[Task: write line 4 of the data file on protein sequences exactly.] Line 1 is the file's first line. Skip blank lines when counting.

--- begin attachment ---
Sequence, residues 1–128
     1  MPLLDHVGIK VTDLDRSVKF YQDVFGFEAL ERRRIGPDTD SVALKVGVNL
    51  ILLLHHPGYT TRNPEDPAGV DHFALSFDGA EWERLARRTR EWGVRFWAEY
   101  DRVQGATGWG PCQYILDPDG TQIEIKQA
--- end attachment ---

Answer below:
   101  DRVQGATGWG PCQYILDPDG TQIEIKQA